A 56-year-old man from Hong Kong has contracted the rat-specific version of hepatitis E, something never observed before in a human patient. Health officials are now scrambling to understand how this could have happened—and the possible implications.
A medical team from the University of Hong Kong assessed the unnamed patient, who had recently undergone a liver transplant, the South China Morning Post reports. A human version of hepatitis E exists, which typically spreads through contaminated water. Scientists had previously assumed that the rat version, which is caused by a different virus, is not human-compatible.
The man exhibited unusual and recurrent liver dysfunction following the transplant, the BBC reports, with subsequent tests revealing the presence of a “highly divergent” version of the hepatitis E known to afflict humans. The scientists in charge of the investigation, Yuen Kwok-yung and Siddharth Sridhar, both from Hong Kong University, aren’t entirely sure how the man contracted hepatitis E, and the case is still under investigation.
It’s highly unlikely that the disease came with the transplanted liver, as there were no signs of the disease in the organ donor, according to SCMP. The man lives in a subsidized housing complex in eastern Kowloon, which is known to harbor a large rat population. The man lives next door to a garbage chute, where the conditions are generally unclean. It’s possible, say Kwok-yung and Sridhar, that his food supply was contaminated by infected rat droppings.
“You could find rat droppings there,” said Yuen at a press conference held in Hong Kong earlier today. “The drain outlet in the corridor could also allow easy access for rats.”
It’s also possible that the man was bit by a rat and didn’t notice, but that seems unlikely. The SCMP reports that the man is now “completely normal,” following a prescription of ribavirin, an antiviral used for chronic hepatitis E infections.
At the press conference today, the researchers described the discovery as a “wake-up call,” saying local authorities need to improve environmental hygiene in Hong Kong communities and do something about the burgeoning rat population.
“We don’t know if in future there will be a serious outbreak of the rat hepatitis E virus in Hong Kong,” said Kwok-yung. “We need to closely monitor this issue.”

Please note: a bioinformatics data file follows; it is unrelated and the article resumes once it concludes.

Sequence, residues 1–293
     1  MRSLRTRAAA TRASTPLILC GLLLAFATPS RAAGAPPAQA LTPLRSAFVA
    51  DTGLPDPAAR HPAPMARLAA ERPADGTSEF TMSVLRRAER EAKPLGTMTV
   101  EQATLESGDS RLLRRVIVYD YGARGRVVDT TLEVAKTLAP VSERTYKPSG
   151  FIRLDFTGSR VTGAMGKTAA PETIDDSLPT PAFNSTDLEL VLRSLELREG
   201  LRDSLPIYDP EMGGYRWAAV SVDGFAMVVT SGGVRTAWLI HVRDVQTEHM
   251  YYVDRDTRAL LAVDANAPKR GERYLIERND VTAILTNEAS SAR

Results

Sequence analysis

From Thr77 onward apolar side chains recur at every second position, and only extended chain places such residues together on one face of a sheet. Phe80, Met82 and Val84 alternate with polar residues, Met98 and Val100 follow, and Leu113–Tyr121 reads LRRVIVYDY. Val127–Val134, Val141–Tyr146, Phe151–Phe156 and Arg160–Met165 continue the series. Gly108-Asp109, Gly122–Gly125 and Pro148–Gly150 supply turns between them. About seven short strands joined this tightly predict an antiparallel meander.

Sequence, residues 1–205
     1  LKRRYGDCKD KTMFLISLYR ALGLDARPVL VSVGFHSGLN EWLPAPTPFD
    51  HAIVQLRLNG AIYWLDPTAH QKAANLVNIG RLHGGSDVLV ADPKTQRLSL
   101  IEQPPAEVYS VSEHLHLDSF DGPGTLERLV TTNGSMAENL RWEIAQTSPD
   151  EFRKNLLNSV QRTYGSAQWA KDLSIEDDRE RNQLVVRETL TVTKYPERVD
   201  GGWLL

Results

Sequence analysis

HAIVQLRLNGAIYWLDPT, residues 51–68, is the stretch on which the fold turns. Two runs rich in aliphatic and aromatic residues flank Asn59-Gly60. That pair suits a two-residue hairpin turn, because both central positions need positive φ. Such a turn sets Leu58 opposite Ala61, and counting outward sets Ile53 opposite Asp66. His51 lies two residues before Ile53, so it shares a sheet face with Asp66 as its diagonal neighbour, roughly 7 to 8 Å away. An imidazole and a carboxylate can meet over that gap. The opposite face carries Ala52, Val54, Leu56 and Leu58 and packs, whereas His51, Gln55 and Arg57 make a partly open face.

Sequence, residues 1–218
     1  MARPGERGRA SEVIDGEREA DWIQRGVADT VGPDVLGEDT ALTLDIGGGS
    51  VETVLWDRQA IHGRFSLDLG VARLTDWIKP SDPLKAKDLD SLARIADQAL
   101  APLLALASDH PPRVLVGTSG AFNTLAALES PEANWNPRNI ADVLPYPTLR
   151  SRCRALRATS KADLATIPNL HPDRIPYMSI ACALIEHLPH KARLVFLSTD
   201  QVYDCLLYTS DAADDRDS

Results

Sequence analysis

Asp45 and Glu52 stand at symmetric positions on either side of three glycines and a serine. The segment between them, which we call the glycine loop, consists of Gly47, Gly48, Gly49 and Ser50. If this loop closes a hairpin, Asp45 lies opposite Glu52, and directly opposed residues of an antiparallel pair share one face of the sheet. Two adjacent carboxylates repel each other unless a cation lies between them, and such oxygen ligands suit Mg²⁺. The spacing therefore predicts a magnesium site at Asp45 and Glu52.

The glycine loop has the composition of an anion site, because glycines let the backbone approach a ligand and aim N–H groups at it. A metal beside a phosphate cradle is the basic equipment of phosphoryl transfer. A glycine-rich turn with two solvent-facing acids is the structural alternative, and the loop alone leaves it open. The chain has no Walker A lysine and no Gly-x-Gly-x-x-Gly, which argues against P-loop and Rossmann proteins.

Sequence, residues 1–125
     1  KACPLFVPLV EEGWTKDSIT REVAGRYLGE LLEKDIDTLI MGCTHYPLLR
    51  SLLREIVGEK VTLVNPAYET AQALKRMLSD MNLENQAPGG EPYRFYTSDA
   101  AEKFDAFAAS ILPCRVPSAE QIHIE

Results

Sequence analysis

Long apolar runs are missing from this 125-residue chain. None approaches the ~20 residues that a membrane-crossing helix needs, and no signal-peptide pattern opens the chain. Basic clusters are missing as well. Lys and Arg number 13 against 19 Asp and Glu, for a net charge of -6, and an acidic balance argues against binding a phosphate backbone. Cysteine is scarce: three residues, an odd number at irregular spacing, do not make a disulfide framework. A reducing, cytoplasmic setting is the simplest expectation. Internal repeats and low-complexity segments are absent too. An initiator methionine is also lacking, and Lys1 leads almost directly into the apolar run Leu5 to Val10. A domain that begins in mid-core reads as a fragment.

There’s no evidence of an imminent epidemic, the researchers said, but more work is needed to understand how and why the man got infected. There’s concern, for example, that the virus may have undergone a recent mutation, in which it acquired the capacity to infect humans. Another possibility is that the man’s immune system was compromised after the liver transplant, making him more susceptible to infection, the doctors said.
The full extent of the rat-specific version of hepatitis E is not fully known, aside from what was observed in the patient. The human-specific version of hepatitis E, which is caused by the hepatitis E virus (HEV), is rare in the United States, but it’s quite common in many parts of the world, according to the U.S. Centers for Disease Control.
Humans tend to be infected by ingesting infected fecal matter, such as drinking contaminated water or through contact with poor sanitation. The CDC describes fever, fatigue, loss of appetite, jaundice, and joint pain among the many symptoms. The health agency says most people recover completely, with mortality rates as low as 1 percent. But it’s a different story for pregnant women, for whom hepatitis E infection has a mortality rate between 10 and 30 percent during the third trimester. Hepatitis E is rarely chronic, and it typically goes away on its own. Patients diagnosed with the disease are advised to eat nutritious foods, drink plenty of fluids, and avoid alcohol. Pregnant woman are advised to see their doctor, as infections may require a hospital stay.
This is obviously an ongoing story with lots of missing parts, but it’s certainly cause for concern. As noted, the rat-specific version of hepatitis E may be different than the one known to normally afflict humans, requiring scientists to keep a close watch on the situation.